Towards a Gender Analysis Framework
for the adoption and use of
Environmentally Sound Technologies

Hari Srinivas
Management Tools Series E-058.


In the dynamic landscape of sustainable development, the critical interplay between gender considerations and the application of Environmentally Sound Technologies (ESTs) has emerged as a paramount concern. As societies navigate complex environmental challenges and strive for inclusive progress, a deeper understanding of how gender dynamics intersect with technological advancements becomes imperative.

SDG 17/Target 17.7 calls for action to " promote development, transfer, dissemination and diffusion of environmentally sound technologies to developing countries".
This paper explores the formulation of a Gender Analysis Framework tailored to facilitate the integration, adoption, and use of ESTs.

In an era characterized by both remarkable scientific innovation and persisting gender disparities, the intersection between technology and gender equity unveils a nexus that needs better understanding. The inherent relationship between gender roles, access to resources, and the adoption of technologies has a significant impact on the efficacy and sustainability of developmental action.

The synthesis of gender analysis methodologies and the context of environmentally sound technologies highlights a policy pathway for aligning sustainable development with gender equity objectives. By developing a custom Gender Analysis Framework, this paper attempts to to shed light on the potential of harmonizing gender-sensitive perspectives with that of ESTs.

But why ESTs? Why should technologies be environmentally sound?

ESTs are capable of reducing environmental damage through processes and materials that generate fewer emissions, recover production wastes. Adopting ESTs is a policy goal that is driven by the need to reconcile development with ecological balance. ESTs offer a pathway toward sustainable development by mitigating impacts of resource depletion, pollution, and habitat degradation.

By adhering to principles of ecological integrity and resource efficiency, ESTs minimize harm to delicate ecosystems, safeguard biodiversity, and reduce carbon footprints of human activities. ESTs also foster resilience in the face of climate change, ensuring that societies can adapt to such changes.

The significance of adopting ESTs extends beyond ecological considerations, and includes social equity and overall well-being. By addressing the environmental impacts of technologies, ESTs contribute to improved public health, particularly for marginalized communities and groups disproportionately affected by pollution and environmental degradation.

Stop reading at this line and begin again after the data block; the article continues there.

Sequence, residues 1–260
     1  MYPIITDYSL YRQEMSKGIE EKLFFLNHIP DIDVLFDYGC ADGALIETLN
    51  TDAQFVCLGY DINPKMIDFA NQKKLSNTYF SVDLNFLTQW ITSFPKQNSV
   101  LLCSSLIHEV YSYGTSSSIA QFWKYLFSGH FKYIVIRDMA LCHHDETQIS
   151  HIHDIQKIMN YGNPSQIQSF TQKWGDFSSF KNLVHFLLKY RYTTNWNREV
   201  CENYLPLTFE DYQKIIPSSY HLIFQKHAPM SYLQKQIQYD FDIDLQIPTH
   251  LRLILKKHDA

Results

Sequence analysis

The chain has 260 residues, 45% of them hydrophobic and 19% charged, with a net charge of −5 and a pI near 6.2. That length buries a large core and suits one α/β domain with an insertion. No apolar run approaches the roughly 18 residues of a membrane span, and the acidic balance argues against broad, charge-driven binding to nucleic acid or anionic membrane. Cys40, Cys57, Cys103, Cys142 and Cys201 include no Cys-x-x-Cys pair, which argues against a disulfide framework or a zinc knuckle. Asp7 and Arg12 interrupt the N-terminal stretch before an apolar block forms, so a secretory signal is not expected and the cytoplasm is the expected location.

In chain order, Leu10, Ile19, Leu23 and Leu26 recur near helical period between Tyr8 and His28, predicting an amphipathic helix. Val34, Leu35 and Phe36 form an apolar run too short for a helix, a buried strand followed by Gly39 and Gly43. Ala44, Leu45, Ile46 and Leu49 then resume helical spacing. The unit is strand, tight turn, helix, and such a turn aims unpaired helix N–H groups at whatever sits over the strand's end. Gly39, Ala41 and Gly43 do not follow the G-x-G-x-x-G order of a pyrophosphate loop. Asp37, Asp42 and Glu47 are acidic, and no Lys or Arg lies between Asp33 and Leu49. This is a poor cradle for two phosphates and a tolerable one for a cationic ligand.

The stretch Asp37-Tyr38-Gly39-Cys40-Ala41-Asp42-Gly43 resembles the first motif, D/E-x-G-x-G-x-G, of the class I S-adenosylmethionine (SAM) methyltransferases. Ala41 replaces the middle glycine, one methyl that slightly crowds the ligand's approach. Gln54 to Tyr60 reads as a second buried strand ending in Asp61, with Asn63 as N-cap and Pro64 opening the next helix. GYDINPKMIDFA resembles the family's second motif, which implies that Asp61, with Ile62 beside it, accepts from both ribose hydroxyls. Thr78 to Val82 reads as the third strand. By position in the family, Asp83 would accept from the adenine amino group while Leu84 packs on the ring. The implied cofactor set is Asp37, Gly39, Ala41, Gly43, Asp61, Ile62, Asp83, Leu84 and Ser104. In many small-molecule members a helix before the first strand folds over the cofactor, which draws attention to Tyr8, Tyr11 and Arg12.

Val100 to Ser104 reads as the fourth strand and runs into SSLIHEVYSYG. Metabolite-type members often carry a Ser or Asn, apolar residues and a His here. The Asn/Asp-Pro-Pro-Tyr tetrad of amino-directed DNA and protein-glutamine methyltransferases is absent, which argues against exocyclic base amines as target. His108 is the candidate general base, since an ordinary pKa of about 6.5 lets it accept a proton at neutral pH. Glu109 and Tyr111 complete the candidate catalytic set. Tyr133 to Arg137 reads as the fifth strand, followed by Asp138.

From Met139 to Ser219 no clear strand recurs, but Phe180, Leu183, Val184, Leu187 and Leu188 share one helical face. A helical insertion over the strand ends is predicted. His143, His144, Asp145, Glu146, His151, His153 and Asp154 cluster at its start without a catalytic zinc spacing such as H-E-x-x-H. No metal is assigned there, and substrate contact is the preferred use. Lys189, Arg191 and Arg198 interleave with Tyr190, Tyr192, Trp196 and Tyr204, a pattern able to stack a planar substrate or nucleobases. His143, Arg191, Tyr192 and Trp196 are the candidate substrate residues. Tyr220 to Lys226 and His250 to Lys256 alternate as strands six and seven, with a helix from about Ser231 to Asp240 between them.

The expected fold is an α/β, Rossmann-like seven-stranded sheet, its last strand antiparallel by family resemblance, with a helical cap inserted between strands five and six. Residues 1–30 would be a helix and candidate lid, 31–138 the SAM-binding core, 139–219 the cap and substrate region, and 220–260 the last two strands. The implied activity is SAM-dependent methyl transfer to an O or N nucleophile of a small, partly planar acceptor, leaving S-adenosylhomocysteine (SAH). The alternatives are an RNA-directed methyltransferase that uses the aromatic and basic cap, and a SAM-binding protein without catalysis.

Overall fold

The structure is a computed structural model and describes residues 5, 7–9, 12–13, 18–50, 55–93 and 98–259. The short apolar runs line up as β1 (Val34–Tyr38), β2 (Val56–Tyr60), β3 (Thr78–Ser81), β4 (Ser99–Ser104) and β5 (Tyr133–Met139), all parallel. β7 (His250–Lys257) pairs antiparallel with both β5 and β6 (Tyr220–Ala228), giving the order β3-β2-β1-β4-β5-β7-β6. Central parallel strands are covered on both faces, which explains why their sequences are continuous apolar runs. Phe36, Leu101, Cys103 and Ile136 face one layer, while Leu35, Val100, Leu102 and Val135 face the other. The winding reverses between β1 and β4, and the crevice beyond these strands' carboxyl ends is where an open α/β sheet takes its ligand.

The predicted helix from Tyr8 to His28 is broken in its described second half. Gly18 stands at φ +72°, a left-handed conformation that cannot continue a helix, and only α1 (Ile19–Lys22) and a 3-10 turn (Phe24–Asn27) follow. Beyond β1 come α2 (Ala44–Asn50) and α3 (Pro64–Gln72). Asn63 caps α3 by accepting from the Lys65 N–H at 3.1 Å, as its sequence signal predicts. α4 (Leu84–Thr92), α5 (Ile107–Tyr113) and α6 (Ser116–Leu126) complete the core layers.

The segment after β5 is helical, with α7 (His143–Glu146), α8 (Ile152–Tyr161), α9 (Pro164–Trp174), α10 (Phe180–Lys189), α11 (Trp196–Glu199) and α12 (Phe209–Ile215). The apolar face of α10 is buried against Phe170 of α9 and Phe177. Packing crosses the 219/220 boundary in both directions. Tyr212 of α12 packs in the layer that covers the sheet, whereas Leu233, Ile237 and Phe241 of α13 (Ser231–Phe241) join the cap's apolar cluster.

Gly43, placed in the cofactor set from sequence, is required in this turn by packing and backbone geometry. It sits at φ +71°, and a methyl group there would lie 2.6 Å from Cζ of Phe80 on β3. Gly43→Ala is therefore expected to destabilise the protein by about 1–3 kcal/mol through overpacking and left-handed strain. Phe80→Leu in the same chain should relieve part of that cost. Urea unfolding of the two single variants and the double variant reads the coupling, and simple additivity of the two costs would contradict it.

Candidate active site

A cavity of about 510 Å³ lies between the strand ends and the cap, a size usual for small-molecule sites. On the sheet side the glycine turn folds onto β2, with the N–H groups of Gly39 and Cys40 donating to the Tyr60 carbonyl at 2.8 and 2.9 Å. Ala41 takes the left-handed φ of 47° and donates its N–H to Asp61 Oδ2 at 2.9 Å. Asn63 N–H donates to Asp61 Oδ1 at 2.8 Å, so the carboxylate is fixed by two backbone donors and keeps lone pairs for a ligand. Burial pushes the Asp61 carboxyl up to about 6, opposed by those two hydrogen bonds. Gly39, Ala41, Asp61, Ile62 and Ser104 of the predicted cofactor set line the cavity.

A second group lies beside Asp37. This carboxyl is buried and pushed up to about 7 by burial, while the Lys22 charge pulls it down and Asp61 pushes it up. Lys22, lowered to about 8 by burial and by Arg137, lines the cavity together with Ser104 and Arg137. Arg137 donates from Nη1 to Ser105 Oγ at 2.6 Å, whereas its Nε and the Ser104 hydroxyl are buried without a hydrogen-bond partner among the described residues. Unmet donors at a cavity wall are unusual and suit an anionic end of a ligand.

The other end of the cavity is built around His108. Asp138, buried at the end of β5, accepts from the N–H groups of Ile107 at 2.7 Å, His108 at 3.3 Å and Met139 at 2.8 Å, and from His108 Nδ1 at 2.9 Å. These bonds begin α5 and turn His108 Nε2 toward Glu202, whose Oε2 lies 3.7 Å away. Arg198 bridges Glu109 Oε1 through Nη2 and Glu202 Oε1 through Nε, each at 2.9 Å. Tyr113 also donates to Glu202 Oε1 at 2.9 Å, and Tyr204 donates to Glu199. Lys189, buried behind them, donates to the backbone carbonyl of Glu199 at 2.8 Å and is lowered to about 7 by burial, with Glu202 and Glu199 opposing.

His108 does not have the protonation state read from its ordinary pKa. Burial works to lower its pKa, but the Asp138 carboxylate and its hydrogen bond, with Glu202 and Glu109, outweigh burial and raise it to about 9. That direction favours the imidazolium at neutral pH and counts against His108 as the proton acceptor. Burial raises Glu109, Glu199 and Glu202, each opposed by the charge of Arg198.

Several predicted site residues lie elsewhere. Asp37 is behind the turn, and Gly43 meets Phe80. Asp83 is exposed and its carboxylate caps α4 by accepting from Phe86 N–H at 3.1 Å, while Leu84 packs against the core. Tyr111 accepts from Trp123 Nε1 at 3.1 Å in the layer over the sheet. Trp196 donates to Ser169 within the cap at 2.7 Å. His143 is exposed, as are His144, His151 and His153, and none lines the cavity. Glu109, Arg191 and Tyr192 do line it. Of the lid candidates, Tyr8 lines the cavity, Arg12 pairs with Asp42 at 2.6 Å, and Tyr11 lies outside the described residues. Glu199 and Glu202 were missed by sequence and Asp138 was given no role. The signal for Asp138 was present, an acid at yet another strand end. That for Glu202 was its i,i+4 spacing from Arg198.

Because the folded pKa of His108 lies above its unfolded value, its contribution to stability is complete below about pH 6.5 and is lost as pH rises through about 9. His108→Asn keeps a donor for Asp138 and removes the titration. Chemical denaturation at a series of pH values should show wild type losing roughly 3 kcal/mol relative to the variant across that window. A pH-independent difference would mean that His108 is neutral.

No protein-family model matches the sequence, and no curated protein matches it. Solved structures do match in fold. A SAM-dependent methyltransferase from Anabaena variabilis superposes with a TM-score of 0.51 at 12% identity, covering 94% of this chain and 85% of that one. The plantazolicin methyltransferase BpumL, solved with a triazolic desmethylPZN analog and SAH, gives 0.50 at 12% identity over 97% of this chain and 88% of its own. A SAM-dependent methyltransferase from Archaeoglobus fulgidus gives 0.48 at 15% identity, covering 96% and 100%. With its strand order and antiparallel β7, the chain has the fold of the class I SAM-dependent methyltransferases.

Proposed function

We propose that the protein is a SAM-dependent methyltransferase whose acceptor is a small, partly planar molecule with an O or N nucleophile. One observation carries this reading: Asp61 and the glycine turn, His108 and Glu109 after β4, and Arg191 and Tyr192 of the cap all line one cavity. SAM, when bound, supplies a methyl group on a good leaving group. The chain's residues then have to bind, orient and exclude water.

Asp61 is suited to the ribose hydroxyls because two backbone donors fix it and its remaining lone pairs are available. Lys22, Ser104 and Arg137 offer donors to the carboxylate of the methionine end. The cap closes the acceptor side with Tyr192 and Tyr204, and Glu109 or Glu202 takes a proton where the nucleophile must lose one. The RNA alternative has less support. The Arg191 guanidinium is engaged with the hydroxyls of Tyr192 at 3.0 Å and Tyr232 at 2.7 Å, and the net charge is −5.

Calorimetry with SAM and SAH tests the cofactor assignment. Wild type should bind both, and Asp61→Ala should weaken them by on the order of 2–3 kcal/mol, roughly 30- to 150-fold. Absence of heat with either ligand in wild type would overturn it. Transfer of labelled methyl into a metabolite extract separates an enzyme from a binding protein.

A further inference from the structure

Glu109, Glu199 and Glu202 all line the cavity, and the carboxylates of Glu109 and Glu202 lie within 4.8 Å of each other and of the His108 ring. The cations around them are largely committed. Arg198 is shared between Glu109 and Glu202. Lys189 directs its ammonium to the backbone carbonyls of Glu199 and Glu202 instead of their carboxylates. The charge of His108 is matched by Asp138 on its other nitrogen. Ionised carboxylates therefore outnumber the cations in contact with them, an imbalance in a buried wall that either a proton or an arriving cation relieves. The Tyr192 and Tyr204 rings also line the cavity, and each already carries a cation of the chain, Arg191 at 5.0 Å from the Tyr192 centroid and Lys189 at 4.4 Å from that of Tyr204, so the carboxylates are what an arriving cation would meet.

ESTs also enable societies to transition toward circular economies, minimizing waste, conserving resources, and disrupting the linear patterns of consumption and disposal. Ultimately, the pursuit of ESTs reflects a commitment to a holistic and inclusive development process one that integrates ecological integrity and societal welfare.

Importance of ESTs from a Gender Perspective

ESTs have the potential for significantly improved environmental performance relative to other technologies, by satisfying five key issues:

  1. protecting the environment,
  2. being less polluting,
  3. using resources in a sustainable manner,
  4. recycling more of their wastes and products
  5. handling all residual wastes in a more environmentally acceptable manner

ESTs gains importance from a gender perspective, as they intersect with fundamental dimensions of equity, empowerment, and sustainable development. In many societies, gender disparities are intricately linked to access to resources, economic opportunities, and decision-making power. ESTs have the potential to alleviate these disparities by offering options for women's active participation and leadership in areas traditionally dominated by men. By incorporating gender-sensitive design, training, and implementation, ESTs can empower women to contribute meaningfully to environmental conservation and resource management.

ESTs offer a transformative avenue to challenge and reshape prevailing gender norms and roles. When strategically applied, ESTs criteria can alleviate women's time and labor constraints, freeing them to engage in income-generating activities, education, and community leadership. Such empowerment not only enhances women's economic participation, but also catalyzes shifts in social perceptions.